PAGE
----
The weather had been very varied while we were staying in Cholila Lodge but that was ok, as we having fun! I was able to sit by the huge open log fire, look at our pictures from the trip, or be still, do nothing but stare out of the window at the wonderful vista !! It had been raining pretty hard all night, I had been listening to the heavy down hitting the roof, thinking how peaceful it sounded, only to remember our poor plane was also sitting outside the lodge and I began praying that the plane was not leaking again! While flying in a small plane fuel is always a consideration when planning our stops.We can decide to go to one airport which may be convenient but they may not have the fuel we need for our airplane.So we had planned to get fuel in the local airport Esquel but we were told by Daniel there was now none available. But we were not too concerned as we had enough to get to a couple of airports such as Bariloche,or Viedma (little airport which we used on the way down). We also knew that Trelew has the right fuel for our plane(AV100 LL)which will be our main refueling at the next stop.
We felt very sad to be leaving this little tranquil oasis, as we had been able to completely chill out being the only guests, and build a real connection with Silva and Daniel. But it was time to move on now and make tracks back up north towards Trelew. We had planned to go over the mountain pass so we could get a good look at the snow -capped mountains that we had been looking at every morning from our bedroom window. I volunteered to do the take- off today as this was such a great opportunity to take off on a grass runway and be able to immediately soar over the beautiful blue lake after the wheels have left the ground. So there we were, ready to go I make sure that the nose of the plane is not digging into the wet ground on the runway as I taxi. So plan to do what is called a soft field take off and pull the stick fully back so that I will lift off quickly without digging the nose wheel into the muddy ground and avoiding any holes. So as I start going down the runway avoiding puddles and holes I do as planned and hold back the stick fully but as the nose popped up off the ground as I expected the seat shot backwards and I was unable to reach the peddles. I was now almost pulling the nose way too high which usually results in hideous accidents (and is a common occurrence with Cessna seats). We swerve down the runway, we hear a thud and a scraping noise as we hit a muddy hole but luckily Chris being six foot seven and with long legs, was able to quickly grab the controls and take over. I can’t believe I have damaged the plane, how bad is it? What is it going to cost? I have never had an “incident “before in an airplane, but Chris reassures me that it was just a scrape and that it is probably a just a crack in the fairing. We continue flying towards Trelew and most of the way I am feeling pretty bad. I look at the beautiful views from outside my window and try to enjoy the great scenery, but I start to think about what I could have done to avoid my “incident”. I question my flying ability and swear to let Chris do all the take offs from now on, and begin to worry about how much damage I have caused. We decide that we have enough fuel to get to Bariloche and then refuel properly in Trelew. In Bariloche we inspect the damage that I did to the plane from Cholila, and see that the plane is covered in mud, and the plastic on the fairing on the tail is cracked with a big clunk missing. I feel awful and I know that Chris is trying not show that he is really annoyed with me as he patches the damage with duct tape , but this is not the first time my seat has slid back and although it gets “mended “every time we have a service on the plane, the repair never lasts for long and I am continually having to jam the seat into position on every take off. We both agree that it was an accident waiting to happen, and the solution may be to buy new rails, as the pins are not good enough. I thank god I was not on my own when this happened as I would have surely crashed, and know that most of the crashes I have read about with sliding seat issues have resulted in deaths. We forge on to Trelew, but as we approach we are told by the air traffic controller that the airport has no fuel. OMG!!!What are we going to do now? We had not planned on this little delight! What do we do now, as we do not have enough fuel left to divert to any other airport or know anyone here to help us. While we are unloading our bags, we are approached by a pilot who vaguely looks familiar and it turns out he is from Comodoro Rivadavia aero-club and is also in the same dilemma with no fuel. We discover there is an notam,( a pilot’s report) which we unfortunately did not read this today that states that there may not be any fuel for up to five days. Shocked and a little bit frustrated, we decide if we are going to be stuck in a place such as Trelew, place we had not planned on staying in for long, we should hire a car and go and explore. One place we both had talked about visiting is Gaiman, a town which we had both heard about which is a few miles out of town where the people speak welsh, have a Welsh choir and have several Welsh tea rooms which you can visit.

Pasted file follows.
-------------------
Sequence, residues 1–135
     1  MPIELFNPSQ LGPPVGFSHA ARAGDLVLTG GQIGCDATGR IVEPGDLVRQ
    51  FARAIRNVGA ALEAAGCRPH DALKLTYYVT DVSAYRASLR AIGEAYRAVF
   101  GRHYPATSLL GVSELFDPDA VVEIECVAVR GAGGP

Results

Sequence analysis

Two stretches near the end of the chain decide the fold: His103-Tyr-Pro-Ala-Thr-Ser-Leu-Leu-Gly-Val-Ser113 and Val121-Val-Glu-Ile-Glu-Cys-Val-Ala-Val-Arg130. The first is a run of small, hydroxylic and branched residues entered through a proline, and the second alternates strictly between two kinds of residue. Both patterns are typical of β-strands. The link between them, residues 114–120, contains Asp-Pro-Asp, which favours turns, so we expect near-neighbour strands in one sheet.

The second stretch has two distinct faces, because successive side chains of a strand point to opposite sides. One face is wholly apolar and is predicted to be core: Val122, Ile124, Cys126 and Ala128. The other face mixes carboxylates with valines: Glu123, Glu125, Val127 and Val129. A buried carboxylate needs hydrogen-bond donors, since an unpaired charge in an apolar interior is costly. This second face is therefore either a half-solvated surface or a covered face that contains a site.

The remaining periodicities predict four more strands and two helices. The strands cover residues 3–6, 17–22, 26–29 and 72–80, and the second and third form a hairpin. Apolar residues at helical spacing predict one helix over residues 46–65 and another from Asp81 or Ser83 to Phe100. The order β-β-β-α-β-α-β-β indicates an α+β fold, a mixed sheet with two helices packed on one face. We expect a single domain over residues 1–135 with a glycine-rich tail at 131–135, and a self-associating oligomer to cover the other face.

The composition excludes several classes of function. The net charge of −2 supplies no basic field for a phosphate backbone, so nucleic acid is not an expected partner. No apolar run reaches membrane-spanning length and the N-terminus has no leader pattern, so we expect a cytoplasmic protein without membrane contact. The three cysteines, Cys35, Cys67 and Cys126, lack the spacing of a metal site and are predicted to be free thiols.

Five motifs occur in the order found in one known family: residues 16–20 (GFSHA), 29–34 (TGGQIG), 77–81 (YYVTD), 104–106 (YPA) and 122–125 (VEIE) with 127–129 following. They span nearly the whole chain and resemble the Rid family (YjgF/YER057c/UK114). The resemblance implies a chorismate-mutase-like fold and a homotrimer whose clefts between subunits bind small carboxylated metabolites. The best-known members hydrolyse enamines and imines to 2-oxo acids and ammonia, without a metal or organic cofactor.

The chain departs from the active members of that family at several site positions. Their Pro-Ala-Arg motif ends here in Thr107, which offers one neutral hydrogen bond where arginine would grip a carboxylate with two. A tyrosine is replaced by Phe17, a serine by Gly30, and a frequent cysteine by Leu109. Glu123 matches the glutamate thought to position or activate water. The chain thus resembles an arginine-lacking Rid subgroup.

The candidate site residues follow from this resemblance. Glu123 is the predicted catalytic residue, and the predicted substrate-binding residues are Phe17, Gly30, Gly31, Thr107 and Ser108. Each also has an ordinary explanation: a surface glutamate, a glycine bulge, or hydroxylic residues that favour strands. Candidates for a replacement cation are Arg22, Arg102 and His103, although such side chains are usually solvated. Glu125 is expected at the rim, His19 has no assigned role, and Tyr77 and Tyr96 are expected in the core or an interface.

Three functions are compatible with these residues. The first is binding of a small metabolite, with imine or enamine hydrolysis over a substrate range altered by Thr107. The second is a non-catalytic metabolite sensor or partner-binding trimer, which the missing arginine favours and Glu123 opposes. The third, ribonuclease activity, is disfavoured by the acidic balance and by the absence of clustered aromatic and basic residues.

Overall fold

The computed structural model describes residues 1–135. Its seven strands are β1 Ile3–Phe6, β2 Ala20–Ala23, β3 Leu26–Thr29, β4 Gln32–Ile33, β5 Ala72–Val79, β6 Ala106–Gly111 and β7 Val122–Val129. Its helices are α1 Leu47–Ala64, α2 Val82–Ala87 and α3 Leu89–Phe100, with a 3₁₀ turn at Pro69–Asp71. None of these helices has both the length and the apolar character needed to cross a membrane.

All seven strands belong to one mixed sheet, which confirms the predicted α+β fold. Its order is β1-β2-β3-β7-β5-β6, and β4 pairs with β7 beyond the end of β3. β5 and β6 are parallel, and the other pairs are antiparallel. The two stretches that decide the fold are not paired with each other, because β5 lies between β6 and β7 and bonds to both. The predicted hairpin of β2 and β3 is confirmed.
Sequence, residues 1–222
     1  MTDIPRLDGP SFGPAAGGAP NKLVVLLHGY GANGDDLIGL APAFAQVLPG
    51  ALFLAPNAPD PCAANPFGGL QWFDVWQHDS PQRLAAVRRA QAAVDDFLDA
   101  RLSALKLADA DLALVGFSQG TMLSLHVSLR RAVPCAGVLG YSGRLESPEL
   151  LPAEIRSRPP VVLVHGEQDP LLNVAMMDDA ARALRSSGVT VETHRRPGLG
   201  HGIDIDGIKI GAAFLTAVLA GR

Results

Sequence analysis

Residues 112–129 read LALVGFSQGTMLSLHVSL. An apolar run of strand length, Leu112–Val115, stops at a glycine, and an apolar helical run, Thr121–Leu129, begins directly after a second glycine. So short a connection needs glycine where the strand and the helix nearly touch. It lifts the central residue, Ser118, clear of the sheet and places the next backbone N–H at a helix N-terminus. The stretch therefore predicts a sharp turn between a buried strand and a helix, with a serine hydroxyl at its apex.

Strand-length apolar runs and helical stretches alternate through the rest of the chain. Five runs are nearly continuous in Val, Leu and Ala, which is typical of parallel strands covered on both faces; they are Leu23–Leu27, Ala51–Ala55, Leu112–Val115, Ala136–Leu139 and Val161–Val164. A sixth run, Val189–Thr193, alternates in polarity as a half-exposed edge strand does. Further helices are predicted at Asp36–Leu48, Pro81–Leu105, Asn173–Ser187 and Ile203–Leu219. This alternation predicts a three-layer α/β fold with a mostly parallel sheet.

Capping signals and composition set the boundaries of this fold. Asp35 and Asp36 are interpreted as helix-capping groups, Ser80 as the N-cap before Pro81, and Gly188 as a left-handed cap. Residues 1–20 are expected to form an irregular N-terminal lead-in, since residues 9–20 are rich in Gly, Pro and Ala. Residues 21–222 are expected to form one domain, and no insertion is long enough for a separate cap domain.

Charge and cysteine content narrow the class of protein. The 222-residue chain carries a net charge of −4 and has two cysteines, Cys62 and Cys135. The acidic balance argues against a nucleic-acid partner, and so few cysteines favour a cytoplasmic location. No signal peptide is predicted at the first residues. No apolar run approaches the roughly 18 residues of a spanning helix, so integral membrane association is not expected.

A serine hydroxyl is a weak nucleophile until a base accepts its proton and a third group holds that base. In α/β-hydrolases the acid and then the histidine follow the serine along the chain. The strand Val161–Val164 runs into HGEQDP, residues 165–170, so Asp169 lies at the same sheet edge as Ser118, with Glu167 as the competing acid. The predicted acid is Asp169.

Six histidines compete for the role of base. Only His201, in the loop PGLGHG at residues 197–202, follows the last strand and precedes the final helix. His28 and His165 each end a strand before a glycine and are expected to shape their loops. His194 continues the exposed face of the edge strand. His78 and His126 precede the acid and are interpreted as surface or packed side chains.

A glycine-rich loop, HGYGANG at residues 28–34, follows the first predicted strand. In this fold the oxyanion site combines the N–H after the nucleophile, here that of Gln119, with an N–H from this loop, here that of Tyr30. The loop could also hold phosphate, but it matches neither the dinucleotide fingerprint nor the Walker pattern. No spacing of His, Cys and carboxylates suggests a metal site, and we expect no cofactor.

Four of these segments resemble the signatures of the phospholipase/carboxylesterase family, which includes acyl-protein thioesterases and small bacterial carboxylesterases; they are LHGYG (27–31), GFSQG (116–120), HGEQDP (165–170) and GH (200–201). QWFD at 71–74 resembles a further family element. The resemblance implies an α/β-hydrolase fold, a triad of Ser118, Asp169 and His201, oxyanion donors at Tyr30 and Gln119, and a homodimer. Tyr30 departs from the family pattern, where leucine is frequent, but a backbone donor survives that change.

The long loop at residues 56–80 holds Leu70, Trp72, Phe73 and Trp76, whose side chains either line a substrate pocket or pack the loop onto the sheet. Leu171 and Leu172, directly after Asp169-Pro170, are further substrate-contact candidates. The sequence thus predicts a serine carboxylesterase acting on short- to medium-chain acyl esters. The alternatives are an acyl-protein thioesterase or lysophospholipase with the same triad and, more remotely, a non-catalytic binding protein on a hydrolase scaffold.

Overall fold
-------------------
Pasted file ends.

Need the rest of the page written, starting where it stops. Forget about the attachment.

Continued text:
We decided to hire a car which is really expensive in this country and head for the same hotel that we stayed at before on our way south, we know it comfortable, and clean, and we also know where a lovely resturant in town is, and are planning to head there tonight for dinner.